Weird US Attractions Worth a Side Trip ...

1. Bonnie and Clyde’s Death Car in Primm, Nevada

Lovers Bonnie and Clyde embarked on a massive crime spree that involved robbing banks and other establishments as well as murdering both police officers and civilians. Their life together was only upstaged by their violent deaths at the hands of Louisiana and Texas law enforcement when over 150 rounds were pumped into their car on a rural road in Louisiana in 1934. The bullet ridden 1934 Ford Deluxe 730 V8 Sedan can be seen in Primm, Nevada housed behind glass.

2. Giant Couch Complete with Couch Potatoes in Austin, Texas

A furniture store owner decided to call some attention to his business in a big way, proving that everything is, indeed, bigger in Texas. This massive green couch stretches 34 feet long and 22 feet high, and can be easily spotted from the highway so there’s no way to miss it. Sitting on top of the colossal couch are three friendly-looking potatoes, donning baseball caps, jean shorts and belts, waiting for the game to start.

3. Golden Gate Fortune Cookie Factory in San Francisco, California

For most of us who love Chinese food, it just wouldn’t be the same if you ended the meal without the traditional fortune cookie, which reveals our future once we crack it open and pull out the little slip of paper enclosed within. Since 1962, Golden Fortune’s factory has been pumping out these crispy delights for customers worldwide. Visitors to the factory can observe the entire process, where a fortune is inserted very quickly before the cookie hardens. You can even get custom made cookies with your own message inserted.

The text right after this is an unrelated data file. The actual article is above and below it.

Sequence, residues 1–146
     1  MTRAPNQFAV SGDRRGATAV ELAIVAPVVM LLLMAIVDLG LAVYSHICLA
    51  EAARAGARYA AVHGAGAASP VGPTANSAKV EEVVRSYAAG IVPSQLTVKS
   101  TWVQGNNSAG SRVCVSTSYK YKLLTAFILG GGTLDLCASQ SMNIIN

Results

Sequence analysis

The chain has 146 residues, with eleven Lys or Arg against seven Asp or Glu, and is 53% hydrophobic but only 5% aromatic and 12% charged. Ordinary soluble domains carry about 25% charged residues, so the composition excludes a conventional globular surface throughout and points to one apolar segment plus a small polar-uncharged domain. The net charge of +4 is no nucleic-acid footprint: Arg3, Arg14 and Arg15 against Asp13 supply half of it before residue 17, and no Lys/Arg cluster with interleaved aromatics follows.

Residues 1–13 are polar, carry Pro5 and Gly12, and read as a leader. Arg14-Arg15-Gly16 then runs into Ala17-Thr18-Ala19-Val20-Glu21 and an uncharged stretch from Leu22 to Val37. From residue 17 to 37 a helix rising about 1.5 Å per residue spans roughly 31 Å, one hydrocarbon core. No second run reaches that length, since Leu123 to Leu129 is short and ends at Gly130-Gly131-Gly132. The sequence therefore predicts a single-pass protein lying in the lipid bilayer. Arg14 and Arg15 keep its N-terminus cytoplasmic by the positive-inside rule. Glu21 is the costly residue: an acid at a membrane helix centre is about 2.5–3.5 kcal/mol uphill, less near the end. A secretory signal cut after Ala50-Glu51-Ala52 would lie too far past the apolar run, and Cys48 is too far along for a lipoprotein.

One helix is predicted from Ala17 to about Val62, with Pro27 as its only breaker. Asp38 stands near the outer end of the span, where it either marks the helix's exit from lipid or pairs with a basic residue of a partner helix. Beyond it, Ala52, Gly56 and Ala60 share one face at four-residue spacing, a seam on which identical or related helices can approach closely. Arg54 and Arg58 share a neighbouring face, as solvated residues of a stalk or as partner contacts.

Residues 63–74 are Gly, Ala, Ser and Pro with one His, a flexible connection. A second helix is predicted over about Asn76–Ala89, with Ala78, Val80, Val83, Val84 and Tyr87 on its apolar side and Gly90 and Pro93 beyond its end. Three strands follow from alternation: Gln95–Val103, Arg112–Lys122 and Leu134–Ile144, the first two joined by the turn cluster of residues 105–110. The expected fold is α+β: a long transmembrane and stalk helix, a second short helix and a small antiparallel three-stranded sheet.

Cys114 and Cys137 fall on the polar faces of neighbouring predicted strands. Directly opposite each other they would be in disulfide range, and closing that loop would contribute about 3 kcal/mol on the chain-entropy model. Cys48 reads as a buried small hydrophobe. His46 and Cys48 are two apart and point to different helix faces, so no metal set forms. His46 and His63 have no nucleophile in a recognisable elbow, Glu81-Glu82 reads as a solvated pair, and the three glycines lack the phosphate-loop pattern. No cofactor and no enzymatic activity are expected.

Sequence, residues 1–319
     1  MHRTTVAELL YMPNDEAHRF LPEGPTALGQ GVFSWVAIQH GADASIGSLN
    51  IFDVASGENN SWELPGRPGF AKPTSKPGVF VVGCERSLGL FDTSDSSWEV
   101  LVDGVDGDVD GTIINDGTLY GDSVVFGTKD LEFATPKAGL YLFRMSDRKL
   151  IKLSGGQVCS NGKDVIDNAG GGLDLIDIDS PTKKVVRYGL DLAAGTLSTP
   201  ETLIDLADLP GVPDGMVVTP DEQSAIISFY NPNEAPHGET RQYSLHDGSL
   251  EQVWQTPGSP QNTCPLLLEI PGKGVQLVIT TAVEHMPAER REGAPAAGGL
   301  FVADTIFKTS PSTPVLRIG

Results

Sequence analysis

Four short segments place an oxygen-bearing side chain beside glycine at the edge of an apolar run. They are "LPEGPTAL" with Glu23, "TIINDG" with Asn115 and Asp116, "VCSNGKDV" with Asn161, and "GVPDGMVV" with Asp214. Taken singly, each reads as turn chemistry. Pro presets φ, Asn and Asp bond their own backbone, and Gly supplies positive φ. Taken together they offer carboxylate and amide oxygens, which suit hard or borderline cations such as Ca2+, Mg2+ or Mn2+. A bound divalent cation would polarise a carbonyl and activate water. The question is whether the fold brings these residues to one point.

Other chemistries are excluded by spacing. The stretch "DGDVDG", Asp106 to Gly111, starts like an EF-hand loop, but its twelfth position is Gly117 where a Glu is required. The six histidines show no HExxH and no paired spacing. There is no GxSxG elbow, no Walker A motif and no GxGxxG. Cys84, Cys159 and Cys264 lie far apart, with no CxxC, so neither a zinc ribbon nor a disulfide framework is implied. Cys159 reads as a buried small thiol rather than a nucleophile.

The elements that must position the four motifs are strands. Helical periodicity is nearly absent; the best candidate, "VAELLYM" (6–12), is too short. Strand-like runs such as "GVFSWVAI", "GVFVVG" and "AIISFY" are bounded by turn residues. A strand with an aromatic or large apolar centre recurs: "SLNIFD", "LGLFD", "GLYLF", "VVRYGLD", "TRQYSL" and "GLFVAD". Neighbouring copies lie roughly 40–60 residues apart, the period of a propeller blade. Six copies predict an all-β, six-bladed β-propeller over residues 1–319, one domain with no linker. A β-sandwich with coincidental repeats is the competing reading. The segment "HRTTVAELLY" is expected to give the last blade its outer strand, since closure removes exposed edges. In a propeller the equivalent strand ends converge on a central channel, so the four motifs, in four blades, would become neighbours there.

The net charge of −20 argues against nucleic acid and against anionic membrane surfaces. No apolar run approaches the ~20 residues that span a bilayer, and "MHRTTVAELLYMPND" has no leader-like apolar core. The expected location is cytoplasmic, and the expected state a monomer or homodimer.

4. The Flying Saucer House in Covington, Kentucky

Even if you’ve rolled your eyes at reports of UFOs before, there actually is a flying saucer in Kentucky It’s a flying saucer-shaped house, designed by architect Matti Suuronen in 1968. Visible when crossing the bridge into Kentucky from Ohio, the “Futuro House” is a white, saucer-shaped home that stands 13 feet tall and 26 feet wide. Less that 100 were built, and the architect intended them to be portable ski chalets. Of the 100 or so that were built, only about 20 are located within the US now.

5. The Six-Toed Cats at the Ernest Hemmingway House in Key West, Florida

This house attracts both the literature buff and the animal lover. Dozens of the unusual cats, called polydactyl cats, have a genetic anomaly that causes them to have more that the normal number of toes. Hemmingway evidently found this characteristic charming when he was given a 6-toed cat by a ship’s captain, and to this day it is believed that most of the 6-toed cats on Key West originate from this single cat. All of the descendents at the museum have a famous name, such as “Harry Truman” or “Billy Holiday.” Literature buffs can see where the icon created his some of his best works, and the gardens and museum are always beautiful.

6. The Enchanted Highway in Regent, North Dakota

Gary Greff may have saved his small town from dying. The teeny town of Regent had it kind of bad in the 1980s, and Gary decided to use his metal-sculpting talents to good use-he created 10 huge, original sculptures that are separated by a few miles of highway. The subjects of these cultures vary and include geese in flight, a leaping seer, a massive grasshopper, a tin family, fish that leap 70 feet into the air, pheasants, and even Teddy Roosevelt on a bucking horse. Many sculptures have pull-outs for photographers and some even include shelters and picnic tables.

7. The Bishop Castle in Wetmore, Colorado

This just goes to show that the teacher is not always right. When Jim Bishop was told he’d never amount to anything at school, he proved them wrong. He began building a stone cabin as a father-son project on property he purchased at the ripe old age of 15. The cabin became more castle-like as the years wore on and he continued adding to it, spurred on my neighbors and friends, and people became curious and began to visit. It then became a stop on many a sightseeing tour, and a wonderful testament to the power of a dream. The visit is free, but donations are encouraged so that construction may continue. Where shall we head first?

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